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Tuesday, March 29, 2011

Testarossa - a review

A hard-hitting, flawed protagonist, an all-important back-story that twists serpentine-like through the plot, and an ability to expertly entwine a foreign language throughout the novel without having to translate every expression, but still present her case, all help Dolcemaschio implant her red-headed, Italian cop into your world.

Elmore Leonard’s character in justified, U.S. Marshal Raylan Givens, is portrayed as an angry individual, but he has nothing over John Testarossa, a rage-filled man, dark and brooding. From the back-story, we pick up snippets of his past as the child of a New York cop, a father who was shot and killed after being accused of being on the take. Testarossa is revenge-filled, always searching for the version of what he would like the truth to be.

In this debut novel, we are introduced to Testarossa on his new beat. He and his partner, Alex Ortiz, are called upon to solve a murder case involving a bunch of frat boys from the university row team. When the body is discovered and it turns out to be the coxswain, several of his room-mates and college team-mates come under suspicion, especially when they all seem to be caught up in a conspiracy involving illegal steroid use. The team coaches and doctor all seem to harbor their own secrets.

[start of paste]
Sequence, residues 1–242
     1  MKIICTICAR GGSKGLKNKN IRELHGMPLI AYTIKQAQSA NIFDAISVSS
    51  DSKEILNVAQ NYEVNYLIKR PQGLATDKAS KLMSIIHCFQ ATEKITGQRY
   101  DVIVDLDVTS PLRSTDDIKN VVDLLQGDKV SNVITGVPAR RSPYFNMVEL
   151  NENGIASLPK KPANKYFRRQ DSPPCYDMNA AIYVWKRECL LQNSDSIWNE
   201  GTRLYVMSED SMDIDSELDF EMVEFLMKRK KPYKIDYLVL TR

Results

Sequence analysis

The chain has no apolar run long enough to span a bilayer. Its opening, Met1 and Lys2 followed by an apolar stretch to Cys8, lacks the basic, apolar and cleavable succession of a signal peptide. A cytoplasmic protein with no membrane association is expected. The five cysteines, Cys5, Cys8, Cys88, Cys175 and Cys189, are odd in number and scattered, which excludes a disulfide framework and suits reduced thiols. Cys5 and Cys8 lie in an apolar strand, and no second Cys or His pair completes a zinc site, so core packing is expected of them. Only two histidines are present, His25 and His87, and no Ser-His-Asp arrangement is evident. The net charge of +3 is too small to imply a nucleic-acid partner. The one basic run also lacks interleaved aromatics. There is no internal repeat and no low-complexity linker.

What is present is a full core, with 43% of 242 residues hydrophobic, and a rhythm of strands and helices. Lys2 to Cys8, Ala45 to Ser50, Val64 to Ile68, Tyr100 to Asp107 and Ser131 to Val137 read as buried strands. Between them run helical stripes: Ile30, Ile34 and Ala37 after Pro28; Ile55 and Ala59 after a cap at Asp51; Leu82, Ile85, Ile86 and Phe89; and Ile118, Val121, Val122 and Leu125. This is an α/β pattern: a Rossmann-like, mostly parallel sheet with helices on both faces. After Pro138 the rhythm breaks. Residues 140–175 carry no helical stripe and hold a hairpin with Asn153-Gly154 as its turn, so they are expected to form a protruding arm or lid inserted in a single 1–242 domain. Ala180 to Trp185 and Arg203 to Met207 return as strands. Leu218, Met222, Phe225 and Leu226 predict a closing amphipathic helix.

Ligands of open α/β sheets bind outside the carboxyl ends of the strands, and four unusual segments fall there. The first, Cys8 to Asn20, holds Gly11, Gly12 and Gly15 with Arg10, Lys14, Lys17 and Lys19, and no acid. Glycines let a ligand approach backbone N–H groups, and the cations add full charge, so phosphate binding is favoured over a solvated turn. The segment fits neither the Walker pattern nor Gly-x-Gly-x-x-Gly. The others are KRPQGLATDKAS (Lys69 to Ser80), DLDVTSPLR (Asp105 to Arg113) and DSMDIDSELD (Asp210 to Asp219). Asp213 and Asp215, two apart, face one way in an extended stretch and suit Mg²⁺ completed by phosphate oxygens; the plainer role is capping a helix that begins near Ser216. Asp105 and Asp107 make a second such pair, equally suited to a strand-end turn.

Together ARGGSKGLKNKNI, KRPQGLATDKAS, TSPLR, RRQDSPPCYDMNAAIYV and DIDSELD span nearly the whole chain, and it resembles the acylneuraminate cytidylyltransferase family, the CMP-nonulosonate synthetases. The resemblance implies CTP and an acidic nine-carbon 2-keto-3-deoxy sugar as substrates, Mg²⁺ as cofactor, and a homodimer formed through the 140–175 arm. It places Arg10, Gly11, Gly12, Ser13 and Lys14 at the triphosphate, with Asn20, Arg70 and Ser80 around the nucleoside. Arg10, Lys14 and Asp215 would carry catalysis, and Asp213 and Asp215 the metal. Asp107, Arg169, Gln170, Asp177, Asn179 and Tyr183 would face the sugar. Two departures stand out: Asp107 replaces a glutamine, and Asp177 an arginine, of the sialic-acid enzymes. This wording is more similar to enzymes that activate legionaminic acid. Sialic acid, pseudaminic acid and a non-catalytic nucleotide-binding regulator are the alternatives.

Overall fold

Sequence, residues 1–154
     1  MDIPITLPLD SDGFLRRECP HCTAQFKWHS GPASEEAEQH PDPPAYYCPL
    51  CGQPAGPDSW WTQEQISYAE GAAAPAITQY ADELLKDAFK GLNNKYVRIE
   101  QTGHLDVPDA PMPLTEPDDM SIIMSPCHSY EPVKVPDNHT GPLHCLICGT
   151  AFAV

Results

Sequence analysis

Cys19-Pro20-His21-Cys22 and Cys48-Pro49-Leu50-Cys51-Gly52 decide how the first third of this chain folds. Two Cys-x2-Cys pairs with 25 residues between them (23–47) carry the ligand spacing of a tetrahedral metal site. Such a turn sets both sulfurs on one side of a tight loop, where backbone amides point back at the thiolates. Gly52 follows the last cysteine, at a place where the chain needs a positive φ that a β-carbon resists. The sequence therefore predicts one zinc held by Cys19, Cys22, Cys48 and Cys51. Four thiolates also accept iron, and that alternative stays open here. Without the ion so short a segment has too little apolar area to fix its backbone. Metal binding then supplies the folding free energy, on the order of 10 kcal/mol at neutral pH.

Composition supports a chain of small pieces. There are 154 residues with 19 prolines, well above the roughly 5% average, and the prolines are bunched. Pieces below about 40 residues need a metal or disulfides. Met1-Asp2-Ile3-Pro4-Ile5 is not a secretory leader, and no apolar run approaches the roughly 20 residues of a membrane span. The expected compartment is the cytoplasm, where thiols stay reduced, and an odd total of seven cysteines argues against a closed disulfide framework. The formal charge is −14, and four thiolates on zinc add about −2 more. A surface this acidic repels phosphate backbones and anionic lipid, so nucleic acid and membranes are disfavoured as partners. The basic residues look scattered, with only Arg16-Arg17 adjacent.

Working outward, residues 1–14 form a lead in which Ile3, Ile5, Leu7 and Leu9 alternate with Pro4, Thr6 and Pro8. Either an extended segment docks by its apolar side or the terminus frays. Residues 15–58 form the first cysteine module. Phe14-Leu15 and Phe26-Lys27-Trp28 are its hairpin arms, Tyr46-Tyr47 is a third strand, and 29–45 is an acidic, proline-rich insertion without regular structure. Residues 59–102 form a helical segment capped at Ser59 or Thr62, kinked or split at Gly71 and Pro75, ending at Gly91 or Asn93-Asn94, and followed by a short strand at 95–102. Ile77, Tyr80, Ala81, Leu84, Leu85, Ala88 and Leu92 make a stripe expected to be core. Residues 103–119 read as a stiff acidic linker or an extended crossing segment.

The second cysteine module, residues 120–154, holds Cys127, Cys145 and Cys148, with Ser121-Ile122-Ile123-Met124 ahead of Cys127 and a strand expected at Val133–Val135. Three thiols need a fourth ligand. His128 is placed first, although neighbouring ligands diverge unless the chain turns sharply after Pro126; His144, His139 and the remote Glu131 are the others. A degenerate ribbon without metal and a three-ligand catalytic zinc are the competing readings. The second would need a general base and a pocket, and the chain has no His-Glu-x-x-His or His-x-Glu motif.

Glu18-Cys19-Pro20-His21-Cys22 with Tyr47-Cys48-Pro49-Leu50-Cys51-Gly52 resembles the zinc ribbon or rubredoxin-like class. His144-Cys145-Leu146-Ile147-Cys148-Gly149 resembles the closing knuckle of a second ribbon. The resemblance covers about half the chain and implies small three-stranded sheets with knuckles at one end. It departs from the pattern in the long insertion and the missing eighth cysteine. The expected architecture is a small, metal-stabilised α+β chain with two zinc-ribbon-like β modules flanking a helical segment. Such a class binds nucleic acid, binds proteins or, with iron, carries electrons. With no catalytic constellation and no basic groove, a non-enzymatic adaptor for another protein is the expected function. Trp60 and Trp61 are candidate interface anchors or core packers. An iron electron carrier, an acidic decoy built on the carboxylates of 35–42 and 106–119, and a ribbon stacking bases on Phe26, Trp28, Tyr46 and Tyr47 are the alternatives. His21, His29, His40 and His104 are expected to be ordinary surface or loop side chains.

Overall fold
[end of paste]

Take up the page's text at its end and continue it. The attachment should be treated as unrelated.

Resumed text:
To complicate his life, Dr. Karen Gennaro, a local physician who always seems to be around whenever Testarossa or his detainees need stitching up—which is quite frequently—catches his attention, and Dolemaschio captures the romantic interludes in stride. Don’t be deceived, this is not your romantic-thriller genre. This is a down and dirty police procedural with all the blood and guts and all the bloody violence that drags you along into the streets. This non-stop brawl spills over from the street to the bedroom in this fast-paced tale that draws from today’s headlines for a feel of reality.

I was so affected by the story that I actually called the author—something I rarely do—to express my excitement for her work and to interject my thoughts. She was most gracious. She assures me there will be a sequel, for which I was eternally grateful. I need to know more about John Testarossa.

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